NAWDC demise opened the door for modern waste sector

THE National Association of Waste Disposal Contractors (NAWDC) was set up in 1968 to represent the UK private sector waste management industry, writes TIMOTHY BYRNE.

The association was eventually rebranded and renamed as the Environmental Services Association (ESA) in the late 1990s, to meet the changes in waste management and recycling attitudes around the time of the millennium.

During this period the NAWDC magazines were a must read publication for those in the sector, and were full of news and reviews on the latest vehicles and equipment available as well as updates regarding acquisitions. For the nostalgists out there like me - who has a complete set of copies - they are a great snapshot today of a bygone era.

Pioneered introduction

NAWDC pioneered the introduction of the Deposit of Poisonous Substances Act 1972 and the Control of Pollution Act in 1974.

Some of the key founding members of NAWDC were Richard Biff a from Biff a Waste Services Ltd, Anthony Shutes from St Albans Sand and Gravel (which latterly became Hales Waste Control Ltd), and Tony Smith from Waste Clearance Ltd (later Waste Management Ltd).

Tony Morgan from Purle Brothers which latterly became

(Cleanaway Ltd), the late David Potts from Humberside Waste Disposal Ltd, Bunny Hart from Hampshire Cleansing Services and Geoff Mousley from TIDIWAYS were also key members in the early years.

These founding members of NAWDC made important contributions to improving the professional standards of the UK private sector waste management industry.

Wastemaster Hire reap JCB benefi ts

WITH a recently ordered fl eet of JCB machines, Coventry-based Wastemasters Hire, part of Tom White Waste (TWW), is satisfying a growing demand for waste and recycling sector specifi c short- term hire.

The order comprises of a 437 Wheeled Loading Shovel, a 457 Wheeled loader, a 560-80WM Loadall, and a JS20MH wheeled material handler (Right).

Established in the waste sector for 40 years, TWW has used several rival brands but with the latest purchase it will be 100% JCB. On their own sites, where they recycle mixed general and commercial wastes, they shovel loads of up to 30 lorries a day, as well as shredders and bins.

Wastemasters Hire now provides a fast, fl exible plant hire business to meet the need for loading shovels and material handling machinery from waste and recycling industry clients across the country.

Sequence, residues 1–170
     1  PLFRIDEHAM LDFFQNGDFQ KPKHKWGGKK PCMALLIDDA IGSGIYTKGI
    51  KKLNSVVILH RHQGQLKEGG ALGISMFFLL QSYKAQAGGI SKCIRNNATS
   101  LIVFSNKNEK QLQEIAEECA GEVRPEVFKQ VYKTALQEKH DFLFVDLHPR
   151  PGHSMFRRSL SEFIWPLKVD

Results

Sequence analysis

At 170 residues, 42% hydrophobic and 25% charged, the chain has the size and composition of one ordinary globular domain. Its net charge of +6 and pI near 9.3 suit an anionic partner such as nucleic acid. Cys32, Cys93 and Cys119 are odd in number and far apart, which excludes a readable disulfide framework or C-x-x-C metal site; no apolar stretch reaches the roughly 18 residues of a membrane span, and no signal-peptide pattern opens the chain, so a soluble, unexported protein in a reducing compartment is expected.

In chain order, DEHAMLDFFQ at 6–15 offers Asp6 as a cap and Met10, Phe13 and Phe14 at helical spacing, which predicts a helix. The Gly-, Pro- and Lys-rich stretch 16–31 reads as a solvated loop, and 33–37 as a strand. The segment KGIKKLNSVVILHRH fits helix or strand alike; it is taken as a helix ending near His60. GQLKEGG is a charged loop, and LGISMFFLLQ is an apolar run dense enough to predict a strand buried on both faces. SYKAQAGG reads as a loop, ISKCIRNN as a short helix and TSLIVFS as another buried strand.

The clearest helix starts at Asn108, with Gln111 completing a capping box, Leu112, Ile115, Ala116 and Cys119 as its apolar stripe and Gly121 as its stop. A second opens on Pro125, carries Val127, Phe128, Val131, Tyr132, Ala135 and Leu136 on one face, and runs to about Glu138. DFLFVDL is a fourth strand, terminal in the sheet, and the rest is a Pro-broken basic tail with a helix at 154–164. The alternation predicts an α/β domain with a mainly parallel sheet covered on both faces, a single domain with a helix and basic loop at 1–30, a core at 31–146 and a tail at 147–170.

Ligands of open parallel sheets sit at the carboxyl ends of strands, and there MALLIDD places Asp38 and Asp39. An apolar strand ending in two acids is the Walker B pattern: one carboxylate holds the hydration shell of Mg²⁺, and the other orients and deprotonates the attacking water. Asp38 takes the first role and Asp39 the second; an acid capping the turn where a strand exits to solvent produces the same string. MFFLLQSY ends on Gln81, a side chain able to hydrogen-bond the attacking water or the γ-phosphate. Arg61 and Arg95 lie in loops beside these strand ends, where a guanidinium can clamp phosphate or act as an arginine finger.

Since starting in January this year, Wastemasters Hire have been inundated with a high demand for hire machines.

Stockholm technology to automate waste

WASTE collection has joined the likes of other utilities such as water and sewage in Sweden following the City of Stockholm’s decision to gradually take ownership and responsibility of a num- ber of underground automated waste collection systems (AWCS).

The municipality’s wastewater and waste management company, Stockholm Vatten och Avfall, will start to take responsibility for the systems during the coming years.

This means that private housing associations, housing companies, pre-schools and commercial operators no longer need to be responsible for ownership and maintenance of AWCS installed in their property.

Aside from easing the administrative burden of managing and installing AWCS, the move means further installations specifi ed

40 SHWM July, 2018

in the city’s detailed plan will be much more straightforward, and can be managed to coincide with other major excavation works.

The decision is part of a growing wave of international support for AWCS. Earlier this year the Government of Singapore stipulated that all residential developments with 500 dwellings and above must install the technology – a move that is expected to see a surge in demand for the system, which relocates 80 – 90 per cent of the waste collection process underground.

Stockholm now joins other visionary cities around the world including Seoul, Singapore, Helsinki and Bergen in treating waste collection as a utility and ensuring that AWCS features at the initial planning application stages as opposed to traditional bins, which are typically a post-planning consideration.

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